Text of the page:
Here’s a pitch deck sample of a problem and solution for Airbnb:

Problem-Solution

And this is an example of a problem-solution slide for Castle, a property management startup:

Rental-Property-Owners

At the end of the day, investors want to be involved in projects that solve real issues. They want to work with you to create innovative solutions, but they need to be convinced that your company is the one to do the job.

#3. Market opportunity

No matter how great your product is, if there’s no market for it, there’s no money for it. The “Market” section of your pitch deck should be anywhere between 1-4 slides, depending on market size, segments, and deck design. Because of this, your market size will be one of the most crucial data points in your presentation.

There are several ways to present market data in your deck. They include:

  • Value theory, which predicts the consumer’s willingness to pay;
  • Existing in-house market data, and
  • Industry-based research.

Many companies will use a combination of these tactics to illustrate their market potential. Your key statistics and industry revenue numbers will help potential investors understand market potential and trajectory. 

#4. Product

This is the part of your pitch deck where you go in-depth about your product or service. Up until this point, you’ve talked about your company, the problems it solves, and what makes it stand strong in your industry. Create a simple statement with images, screenshots, or videos to communicate what the product is and how it works. Highlight the features and key differentiators of your product and what differentiates it from comparable products. Here’s a sample illustration of how Uber could communicate their product:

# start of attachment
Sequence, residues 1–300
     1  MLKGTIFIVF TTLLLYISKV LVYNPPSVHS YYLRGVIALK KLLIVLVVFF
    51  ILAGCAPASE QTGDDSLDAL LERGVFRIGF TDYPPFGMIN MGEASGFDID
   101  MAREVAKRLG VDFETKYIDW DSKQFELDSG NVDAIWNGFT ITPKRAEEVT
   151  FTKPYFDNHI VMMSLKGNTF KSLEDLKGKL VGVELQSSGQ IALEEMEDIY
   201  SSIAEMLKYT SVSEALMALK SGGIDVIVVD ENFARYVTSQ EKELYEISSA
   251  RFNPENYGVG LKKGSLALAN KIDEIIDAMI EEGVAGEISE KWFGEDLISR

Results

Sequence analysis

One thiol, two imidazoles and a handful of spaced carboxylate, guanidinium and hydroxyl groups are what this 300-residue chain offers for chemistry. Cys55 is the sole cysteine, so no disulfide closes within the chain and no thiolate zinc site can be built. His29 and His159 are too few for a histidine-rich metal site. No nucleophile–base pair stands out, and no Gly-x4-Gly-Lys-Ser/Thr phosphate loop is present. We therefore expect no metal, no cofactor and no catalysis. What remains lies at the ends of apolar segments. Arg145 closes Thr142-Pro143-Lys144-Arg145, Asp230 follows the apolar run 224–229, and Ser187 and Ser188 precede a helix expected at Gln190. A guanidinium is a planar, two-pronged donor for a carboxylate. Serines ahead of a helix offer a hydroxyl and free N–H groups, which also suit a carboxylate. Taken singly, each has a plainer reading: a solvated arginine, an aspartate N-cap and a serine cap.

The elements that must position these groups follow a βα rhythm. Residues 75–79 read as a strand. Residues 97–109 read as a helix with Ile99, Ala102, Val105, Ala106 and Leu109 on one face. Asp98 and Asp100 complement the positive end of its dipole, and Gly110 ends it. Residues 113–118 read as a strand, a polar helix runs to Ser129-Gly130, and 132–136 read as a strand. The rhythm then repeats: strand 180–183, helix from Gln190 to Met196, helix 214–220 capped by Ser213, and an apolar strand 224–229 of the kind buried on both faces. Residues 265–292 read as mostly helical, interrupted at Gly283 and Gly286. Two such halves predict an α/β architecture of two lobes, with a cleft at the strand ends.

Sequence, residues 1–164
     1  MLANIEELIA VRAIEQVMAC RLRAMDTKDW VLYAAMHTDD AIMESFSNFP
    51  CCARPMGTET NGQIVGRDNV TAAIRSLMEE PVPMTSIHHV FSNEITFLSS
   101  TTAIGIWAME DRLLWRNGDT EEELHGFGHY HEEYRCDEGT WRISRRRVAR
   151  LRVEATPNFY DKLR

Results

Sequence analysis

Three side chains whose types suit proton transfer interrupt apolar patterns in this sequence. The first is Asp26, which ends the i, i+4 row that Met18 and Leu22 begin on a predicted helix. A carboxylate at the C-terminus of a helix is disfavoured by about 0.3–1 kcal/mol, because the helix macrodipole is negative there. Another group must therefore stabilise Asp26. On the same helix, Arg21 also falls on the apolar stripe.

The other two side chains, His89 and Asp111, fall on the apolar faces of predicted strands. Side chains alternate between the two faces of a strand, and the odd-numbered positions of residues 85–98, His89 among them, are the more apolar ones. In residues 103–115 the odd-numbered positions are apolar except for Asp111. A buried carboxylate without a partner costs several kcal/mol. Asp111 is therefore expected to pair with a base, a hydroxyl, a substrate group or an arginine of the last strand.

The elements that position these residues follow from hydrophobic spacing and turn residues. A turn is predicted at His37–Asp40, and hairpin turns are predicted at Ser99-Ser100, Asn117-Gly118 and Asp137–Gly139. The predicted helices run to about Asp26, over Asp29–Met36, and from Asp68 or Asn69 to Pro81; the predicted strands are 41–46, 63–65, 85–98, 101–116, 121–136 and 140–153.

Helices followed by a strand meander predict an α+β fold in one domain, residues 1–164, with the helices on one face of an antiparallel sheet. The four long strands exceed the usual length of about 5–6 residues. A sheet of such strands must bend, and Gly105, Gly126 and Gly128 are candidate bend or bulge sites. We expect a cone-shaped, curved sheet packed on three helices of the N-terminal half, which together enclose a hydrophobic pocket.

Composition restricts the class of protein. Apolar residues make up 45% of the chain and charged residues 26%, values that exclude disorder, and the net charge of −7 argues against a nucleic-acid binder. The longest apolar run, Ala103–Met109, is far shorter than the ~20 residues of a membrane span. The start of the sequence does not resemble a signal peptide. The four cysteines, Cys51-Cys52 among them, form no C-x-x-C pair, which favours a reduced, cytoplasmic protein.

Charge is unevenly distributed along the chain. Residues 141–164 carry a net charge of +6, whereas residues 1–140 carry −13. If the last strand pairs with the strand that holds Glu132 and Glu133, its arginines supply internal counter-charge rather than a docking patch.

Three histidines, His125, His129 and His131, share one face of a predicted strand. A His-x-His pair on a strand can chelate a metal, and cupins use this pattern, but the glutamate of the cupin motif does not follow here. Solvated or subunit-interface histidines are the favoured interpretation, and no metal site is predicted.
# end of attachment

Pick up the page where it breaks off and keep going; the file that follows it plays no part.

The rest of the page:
How-ItS-Work

#5. Traction and growth potential

At the end of the day, investors want to see a return on their investment, and the success you’ve achieved thus far is one of the greatest indicators of future success. Traction describes what your startup has achieved so far. Essentially, the traction slide presents data that proves your product or service is desirable. For example, you might display a graph that shows your sales growth or rise in customer adoption.

Traction-Progress-To-Date

It’s important to note that you don’t necessarily have to have sales to show traction. This is common for early-stage startups who need funding to achieve future milestones. If you don’t have revenue, there are other ways to show traction. Trial sign-ups, beta sign-ups, pre-orders, and letters of intent are viable options. You can also show how many people are visiting your website, as site traffic is a good demonstration of heightened interest.

#6. Competitors